ignore all that astrology: Horace and Ovid

poems by Horace and Ovid
translated by Christopher Childers
June 27, 2018

"Elegy" is a loaded word in classical poetry; Ovid’s poem for Tibullus employs it in its several senses. Tibullus (ca. 55–19 BC) was a love elegist, called by Quintilian tersus atque elegans (“polished and elegant”). The love elegy is a specifically Roman genre, written in elegiac couplets (one meaning of “elegy”) and borrowing themes and motifs from the Hellenistic epigram. Ovid’s poem is an elegy in this specialized sense and in ours, as shown by the false etymology in line five (deriving elegos from Greek ἔ ἔ λέγειν, “to say eh eh;” the true etymology is unknown). The poem is no less moving for its conventional motifs drawn from the pastoral elegy and the funeral epigram; yet in its raw existential terror (“I doubt the gods are real, and I am shaken”) one senses the real Ovid.

My own use of heroic couplets to render Ovid’s elegiac ones is part of a larger program to convey the structural effect of classical meters by way of English analogies. As Ovid is careful to keep his couplets closed, and loads them with balance and antithesis, I try to do the same. By contrast, Horace’s Ode 1.11 is in a stichic meter, an expanded Asclepiad (used by Horace’s model Alcaeus in many of his drinking songs), while Lyce is in an Asclepiad quatrain. My own analogies for these forms (especially the quatrain) may at times feel somewhat “foreignizing,” but they should still be intelligible according to standard English prosody. More importantly, my versions seek to convey the relationship between sentence, line, and stanza as it exists in the original, and to make this audible through the lapidary presence of rhyme. These structures, of single line, couplet, and quatrain, are not mere arbitrary constraints but units of thought the poet is working in and sometimes against; taking my formal and stylistic cues from the poets themselves is one way I hope to make them sound as different from each other in English as they do in Latin.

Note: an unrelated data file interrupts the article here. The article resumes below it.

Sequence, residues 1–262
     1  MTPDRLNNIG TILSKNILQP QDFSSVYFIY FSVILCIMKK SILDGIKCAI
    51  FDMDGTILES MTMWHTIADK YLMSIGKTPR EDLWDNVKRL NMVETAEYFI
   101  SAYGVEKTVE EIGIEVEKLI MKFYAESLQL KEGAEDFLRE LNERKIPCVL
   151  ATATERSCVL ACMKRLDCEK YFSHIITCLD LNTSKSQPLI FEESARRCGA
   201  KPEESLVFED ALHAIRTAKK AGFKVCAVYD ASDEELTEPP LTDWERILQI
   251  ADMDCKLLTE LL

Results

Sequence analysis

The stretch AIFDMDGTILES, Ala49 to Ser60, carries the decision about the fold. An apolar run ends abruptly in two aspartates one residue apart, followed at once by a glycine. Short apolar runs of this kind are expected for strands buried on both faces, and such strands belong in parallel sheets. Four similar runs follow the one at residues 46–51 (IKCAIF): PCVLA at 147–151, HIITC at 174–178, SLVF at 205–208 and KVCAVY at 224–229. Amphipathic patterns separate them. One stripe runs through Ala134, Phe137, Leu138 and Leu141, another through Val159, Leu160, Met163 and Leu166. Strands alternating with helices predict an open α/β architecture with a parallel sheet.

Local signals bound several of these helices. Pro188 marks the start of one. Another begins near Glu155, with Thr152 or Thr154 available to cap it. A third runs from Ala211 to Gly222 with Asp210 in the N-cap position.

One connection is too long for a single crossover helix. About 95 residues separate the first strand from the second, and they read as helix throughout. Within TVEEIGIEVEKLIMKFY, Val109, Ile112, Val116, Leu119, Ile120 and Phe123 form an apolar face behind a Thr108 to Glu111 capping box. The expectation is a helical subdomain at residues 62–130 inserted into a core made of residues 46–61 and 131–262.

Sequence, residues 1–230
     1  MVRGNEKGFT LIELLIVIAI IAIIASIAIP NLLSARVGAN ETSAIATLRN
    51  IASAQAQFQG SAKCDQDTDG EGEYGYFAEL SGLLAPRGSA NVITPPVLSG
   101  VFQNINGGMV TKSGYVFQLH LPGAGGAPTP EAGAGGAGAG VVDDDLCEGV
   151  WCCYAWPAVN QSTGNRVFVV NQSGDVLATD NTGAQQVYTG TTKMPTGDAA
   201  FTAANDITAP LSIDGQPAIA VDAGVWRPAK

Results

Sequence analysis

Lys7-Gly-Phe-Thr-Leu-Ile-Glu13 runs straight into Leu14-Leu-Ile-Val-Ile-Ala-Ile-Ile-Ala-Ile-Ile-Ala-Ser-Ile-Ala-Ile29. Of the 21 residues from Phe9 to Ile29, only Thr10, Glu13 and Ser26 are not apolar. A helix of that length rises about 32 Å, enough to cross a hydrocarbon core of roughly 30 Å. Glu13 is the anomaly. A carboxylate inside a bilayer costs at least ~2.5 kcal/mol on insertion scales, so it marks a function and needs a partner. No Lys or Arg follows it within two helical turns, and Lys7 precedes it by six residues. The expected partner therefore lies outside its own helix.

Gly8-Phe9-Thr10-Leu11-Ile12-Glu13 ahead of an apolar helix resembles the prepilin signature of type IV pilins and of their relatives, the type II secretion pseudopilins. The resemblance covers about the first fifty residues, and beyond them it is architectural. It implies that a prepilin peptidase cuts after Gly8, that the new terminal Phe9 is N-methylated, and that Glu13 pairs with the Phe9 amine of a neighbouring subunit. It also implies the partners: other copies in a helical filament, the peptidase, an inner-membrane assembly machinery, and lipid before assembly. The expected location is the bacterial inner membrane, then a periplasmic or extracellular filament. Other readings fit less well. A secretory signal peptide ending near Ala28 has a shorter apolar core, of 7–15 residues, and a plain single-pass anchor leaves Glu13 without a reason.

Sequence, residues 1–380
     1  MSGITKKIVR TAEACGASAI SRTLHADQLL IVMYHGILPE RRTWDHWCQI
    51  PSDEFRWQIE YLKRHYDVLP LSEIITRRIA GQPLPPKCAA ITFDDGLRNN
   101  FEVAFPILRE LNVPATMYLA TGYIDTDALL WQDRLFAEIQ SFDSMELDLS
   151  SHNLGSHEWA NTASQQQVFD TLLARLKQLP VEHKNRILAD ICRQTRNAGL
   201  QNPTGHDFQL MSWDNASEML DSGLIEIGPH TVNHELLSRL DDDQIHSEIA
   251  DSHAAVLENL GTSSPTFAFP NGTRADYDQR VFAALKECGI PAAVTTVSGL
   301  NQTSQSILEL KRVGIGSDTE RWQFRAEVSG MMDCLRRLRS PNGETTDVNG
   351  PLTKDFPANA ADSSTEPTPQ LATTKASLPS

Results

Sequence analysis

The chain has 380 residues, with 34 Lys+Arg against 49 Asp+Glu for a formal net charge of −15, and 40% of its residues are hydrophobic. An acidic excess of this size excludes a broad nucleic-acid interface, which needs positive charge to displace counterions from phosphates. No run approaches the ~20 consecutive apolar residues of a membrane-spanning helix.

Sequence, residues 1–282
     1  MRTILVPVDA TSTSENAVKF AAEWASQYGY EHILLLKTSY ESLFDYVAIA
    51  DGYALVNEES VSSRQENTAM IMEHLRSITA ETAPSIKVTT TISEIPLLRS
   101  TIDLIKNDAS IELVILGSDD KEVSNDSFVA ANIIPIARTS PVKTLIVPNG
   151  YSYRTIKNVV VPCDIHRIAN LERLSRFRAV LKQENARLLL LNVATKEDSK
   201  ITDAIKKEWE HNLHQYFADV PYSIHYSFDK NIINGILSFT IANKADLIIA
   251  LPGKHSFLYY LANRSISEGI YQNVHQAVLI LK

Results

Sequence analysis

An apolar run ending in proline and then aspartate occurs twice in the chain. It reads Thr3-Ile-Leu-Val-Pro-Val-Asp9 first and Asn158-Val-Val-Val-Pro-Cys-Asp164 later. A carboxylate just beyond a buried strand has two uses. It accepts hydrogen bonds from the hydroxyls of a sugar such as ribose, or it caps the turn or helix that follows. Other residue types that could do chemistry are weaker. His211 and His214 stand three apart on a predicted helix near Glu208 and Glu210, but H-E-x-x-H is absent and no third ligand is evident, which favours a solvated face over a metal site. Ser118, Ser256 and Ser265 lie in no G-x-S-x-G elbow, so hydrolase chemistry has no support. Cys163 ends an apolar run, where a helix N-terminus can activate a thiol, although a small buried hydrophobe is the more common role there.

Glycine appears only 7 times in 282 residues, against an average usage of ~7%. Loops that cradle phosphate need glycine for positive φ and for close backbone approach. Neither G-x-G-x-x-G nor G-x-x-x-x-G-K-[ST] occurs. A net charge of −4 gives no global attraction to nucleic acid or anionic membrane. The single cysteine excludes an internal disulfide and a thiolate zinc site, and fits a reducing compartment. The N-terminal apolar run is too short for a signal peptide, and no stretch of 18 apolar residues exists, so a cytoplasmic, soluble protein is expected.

The Horatian tag (from Ode 4.1) Non sum qualis eram bonae sub regno Cinarae, “I am not what I was beneath the sway of gentle Cinara,” serves as the title of one of Ernest Dowson’s most famous poems (“I have been faithful to thee, Cinara, in my fashion”). In Ode 4.13, Cinara is dead, and Lyce has outlived her charms; the snows of yesteryear are melted, and there is only the taste of ash. The poem’s emotion and power derive from the combination of cruel satirical distance and intimate identification: Auden’s “clear expression of mixed feelings.” In Ode 1.11, by contrast, Horace’s speaker may well still be as he was when ruled by Cinara. This ode gives us the phrase carpe diem, surely one of the most widely recognizable of any language. My translation opts for “pluck” instead of the more famous “seize” because, as Latin nerds love to point out, the ode’s controlling metaphor belongs to the realm of viticulture.

—Christopher Childers

Amores 3.9
by Ovid

If Memnon’s mother, mistress of the Dawn,
or if Achilles’ mother mourned her son,
if grief leaves even goddesses undone,
then, Elegy, tear your hair, and weep with me!
Alas, how true—too true!—your name will be.
Your bard, Tibullus, glory of your lyre,
now leaves his empty body on the pyre;
look, Cupid breaks his bow and comes in mourning,
his quiver upside down, his torch not burning;
see how his wings are slumped, how sad he goes
dealing the breast he’s bared resounding blows.
The tears are sopping in his unbound hair,
and hoarse sobs choke his chest and shake the air.
Just so, Iulus, they say he left your hall
after Aeneas, his brother’s, funeral.
Never did Venus groan or suffer more
when her young love was savaged by a boar.
We holy bards the gods look kindly on—
some think we have a godhead of our own;
yet all that’s holy Death soon steals away,
profaning it with hands that blot the day.
What use was Orpheus’ mother, or Apollo;
what use those songs that charmed the beasts to follow?
That sire wept Linus too through wood and brier,